Thames Water: sewage activists invite CEO Cathryn Ross to swim with them soon after she’d happily ‘take a dip’

Activists campaigning against sewage pollution have invited Thames Water’s CEO to swim with them this week after she said she would happily ‘take a dip’
Watch more of our videos on Shots! 
and live on Freeview channel 276
Visit Shots! now

Sewage campaigners have invited the CEO of Thames Water to join them swimming in The Thames after she said she would happily “take a dip” in treated sewage water. Henley Mermaids, a group of five women who are longstanding campaigners against river pollution, are challenging Cathryn Ross to join them on Friday 13 October as the women will take a “collective stand against the ongoing sewage pollution”.

Henley Mermaids will be joined by several other campaign groups including the Henley and Marlow River Action Group, Henley Hippos and Ocean Rebellion. The five women said the plight of their swim on Friday is to “campaign for change” and “stop pollution from getting into our rivers”.

The group has extended the invite to Ms Ross to allow her to “experience our river’s plight personally” after she said on Wednesday 13 September, at a meeting in the London Assembly, that she would “take a dip” in a river that is full of treated sewage. Her comments came despite her confirming earlier that this water would still contain “some bacteria”.

The Henley Mermaids said those taking part in the swim will be meeting at Friday Street Slipway in Henley, ready to swim in the water which is situated downstream of the Wargrave Sewage Treatment Works. The group said Henley “is subjected to ‘treated sewage’ discharges into the Thames 24/7” and “a Combined Sewage Overflow (CSO) in the heart of our town has unleashed raw sewage into the Thames on at least eight occasions over the past six months”.

Independent testing by the group during the bathing season, from May to September, found alarming levels of Phosphates and Nitrates, as well as E. coli and Enterococci consistently being detected in Thames21’s Henley Bathing Water Project testing. These bacteria are harmful to human health and directly threaten river wildlife.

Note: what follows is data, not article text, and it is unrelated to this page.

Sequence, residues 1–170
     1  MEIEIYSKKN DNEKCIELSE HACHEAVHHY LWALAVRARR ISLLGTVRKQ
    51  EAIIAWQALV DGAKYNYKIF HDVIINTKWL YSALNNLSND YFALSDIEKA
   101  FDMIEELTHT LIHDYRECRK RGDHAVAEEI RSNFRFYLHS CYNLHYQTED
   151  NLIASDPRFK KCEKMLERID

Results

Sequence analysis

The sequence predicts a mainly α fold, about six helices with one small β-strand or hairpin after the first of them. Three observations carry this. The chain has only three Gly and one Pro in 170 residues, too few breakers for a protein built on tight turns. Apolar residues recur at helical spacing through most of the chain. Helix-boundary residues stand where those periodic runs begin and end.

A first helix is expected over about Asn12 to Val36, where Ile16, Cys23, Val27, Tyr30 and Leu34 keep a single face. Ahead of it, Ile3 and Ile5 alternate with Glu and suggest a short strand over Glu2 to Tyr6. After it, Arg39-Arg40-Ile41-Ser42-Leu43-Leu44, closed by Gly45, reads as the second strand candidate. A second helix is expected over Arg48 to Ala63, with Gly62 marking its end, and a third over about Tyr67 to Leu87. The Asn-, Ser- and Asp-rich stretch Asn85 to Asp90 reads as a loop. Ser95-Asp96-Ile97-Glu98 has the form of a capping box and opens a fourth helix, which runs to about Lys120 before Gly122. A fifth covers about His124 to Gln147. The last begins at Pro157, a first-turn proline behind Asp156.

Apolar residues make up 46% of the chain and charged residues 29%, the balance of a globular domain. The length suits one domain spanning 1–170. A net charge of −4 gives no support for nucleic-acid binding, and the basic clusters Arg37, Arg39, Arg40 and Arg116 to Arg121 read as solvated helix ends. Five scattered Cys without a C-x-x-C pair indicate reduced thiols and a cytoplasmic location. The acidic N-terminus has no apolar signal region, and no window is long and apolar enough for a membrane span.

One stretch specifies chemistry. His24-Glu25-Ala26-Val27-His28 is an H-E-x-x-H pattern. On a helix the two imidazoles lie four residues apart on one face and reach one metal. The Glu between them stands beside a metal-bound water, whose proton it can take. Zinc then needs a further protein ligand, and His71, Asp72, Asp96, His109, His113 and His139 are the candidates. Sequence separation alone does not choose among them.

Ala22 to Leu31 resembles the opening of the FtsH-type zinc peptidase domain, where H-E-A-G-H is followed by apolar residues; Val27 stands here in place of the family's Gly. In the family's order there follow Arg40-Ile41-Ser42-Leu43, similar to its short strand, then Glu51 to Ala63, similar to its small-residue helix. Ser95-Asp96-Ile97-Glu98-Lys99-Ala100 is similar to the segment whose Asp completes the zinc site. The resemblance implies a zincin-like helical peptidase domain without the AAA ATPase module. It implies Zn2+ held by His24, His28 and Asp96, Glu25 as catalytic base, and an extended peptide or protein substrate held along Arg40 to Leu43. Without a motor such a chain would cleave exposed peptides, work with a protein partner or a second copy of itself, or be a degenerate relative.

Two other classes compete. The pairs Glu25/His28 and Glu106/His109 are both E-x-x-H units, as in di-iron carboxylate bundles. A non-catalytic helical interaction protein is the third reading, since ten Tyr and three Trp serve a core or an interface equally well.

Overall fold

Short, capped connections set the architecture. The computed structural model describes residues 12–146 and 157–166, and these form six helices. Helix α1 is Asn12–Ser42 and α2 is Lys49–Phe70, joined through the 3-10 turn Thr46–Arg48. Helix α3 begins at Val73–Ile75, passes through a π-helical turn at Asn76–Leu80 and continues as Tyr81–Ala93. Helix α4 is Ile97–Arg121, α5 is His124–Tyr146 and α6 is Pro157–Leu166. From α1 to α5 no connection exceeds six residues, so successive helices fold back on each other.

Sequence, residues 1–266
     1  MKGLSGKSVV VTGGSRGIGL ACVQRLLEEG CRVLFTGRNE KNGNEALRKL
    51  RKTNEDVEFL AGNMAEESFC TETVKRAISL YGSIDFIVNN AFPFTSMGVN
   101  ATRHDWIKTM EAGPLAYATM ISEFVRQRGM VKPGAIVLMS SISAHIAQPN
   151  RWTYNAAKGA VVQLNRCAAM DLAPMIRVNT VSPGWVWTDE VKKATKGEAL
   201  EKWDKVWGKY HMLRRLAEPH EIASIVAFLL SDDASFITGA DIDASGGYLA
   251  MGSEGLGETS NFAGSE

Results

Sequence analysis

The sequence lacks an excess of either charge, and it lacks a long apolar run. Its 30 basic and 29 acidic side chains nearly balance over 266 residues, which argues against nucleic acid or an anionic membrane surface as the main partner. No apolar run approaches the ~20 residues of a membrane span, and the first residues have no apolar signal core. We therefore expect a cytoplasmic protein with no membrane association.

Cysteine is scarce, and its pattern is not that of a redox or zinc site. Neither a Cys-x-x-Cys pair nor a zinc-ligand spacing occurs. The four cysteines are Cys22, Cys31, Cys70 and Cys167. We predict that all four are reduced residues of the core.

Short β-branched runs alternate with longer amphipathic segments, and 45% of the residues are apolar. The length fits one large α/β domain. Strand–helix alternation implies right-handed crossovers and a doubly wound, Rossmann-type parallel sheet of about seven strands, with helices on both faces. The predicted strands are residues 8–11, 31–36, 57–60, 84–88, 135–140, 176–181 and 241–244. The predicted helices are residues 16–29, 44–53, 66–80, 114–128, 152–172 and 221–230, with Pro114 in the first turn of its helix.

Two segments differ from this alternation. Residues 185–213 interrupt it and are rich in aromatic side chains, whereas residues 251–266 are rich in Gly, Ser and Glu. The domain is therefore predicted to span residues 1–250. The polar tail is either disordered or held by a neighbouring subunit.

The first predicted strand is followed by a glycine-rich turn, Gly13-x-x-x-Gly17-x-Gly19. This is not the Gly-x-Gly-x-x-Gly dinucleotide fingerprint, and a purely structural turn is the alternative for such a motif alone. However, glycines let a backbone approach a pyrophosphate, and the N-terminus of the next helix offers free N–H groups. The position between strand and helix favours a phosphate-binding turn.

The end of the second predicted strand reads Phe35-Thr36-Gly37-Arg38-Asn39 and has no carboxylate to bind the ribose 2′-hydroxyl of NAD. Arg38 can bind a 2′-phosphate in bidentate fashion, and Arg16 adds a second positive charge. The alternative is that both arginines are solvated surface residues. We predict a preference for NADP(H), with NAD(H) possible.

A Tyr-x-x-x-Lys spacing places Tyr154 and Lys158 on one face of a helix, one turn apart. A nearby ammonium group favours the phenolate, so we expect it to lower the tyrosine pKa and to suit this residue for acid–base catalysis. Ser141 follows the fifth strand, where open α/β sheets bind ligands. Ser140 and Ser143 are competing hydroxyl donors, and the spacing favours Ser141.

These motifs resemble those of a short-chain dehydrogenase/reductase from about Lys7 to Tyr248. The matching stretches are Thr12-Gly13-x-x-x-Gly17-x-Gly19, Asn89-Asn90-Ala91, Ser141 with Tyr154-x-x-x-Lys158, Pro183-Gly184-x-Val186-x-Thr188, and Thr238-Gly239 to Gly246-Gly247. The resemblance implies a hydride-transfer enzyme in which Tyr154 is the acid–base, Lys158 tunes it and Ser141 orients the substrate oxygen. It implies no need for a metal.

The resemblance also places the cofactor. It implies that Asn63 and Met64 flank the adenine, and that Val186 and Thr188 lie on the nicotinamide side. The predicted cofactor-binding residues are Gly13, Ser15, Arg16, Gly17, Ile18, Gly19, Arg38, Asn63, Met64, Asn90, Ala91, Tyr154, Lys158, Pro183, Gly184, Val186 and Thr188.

Sewage activists invite Thames Water’s CEO Cathryn Ross to swim with them. (Photo: Henley Mermaids / PA) Sewage activists invite Thames Water’s CEO Cathryn Ross to swim with them. (Photo: Henley Mermaids / PA)
Sewage activists invite Thames Water’s CEO Cathryn Ross to swim with them. (Photo: Henley Mermaids / PA)

The Henley Mermaids told NationalWorld: “So far I have not had an RSVP and do not expect that she will turn up, however, that will be fairly powerful in itself. We’d love lots of people to turn up and give a poorly river voice.” The community call to action event will begin at 2pm on Friday with speeches, fancy dress, banners all included and encouraged by the organisers.

A recent investigation by the BBC found that Thames Water was one of three water companies discharging sewage illegally last year during dry weather. The water company dry-spilled for 1,253 hours in 2022 at 49 overflow sites.

It is likely that more spills would have occurred during this time as the water company only monitors 62% of its overflow points. A Thames Water spokesperson told NationalWorld “there are a number of methodologies for defining and calculating why and how dry day spills occur” and the Environment Agency’s methodology “is still being determined”.

Comment Guidelines

National World encourages reader discussion on our stories. User feedback, insights and back-and-forth exchanges add a rich layer of context to reporting. Please review our Community Guidelines before commenting.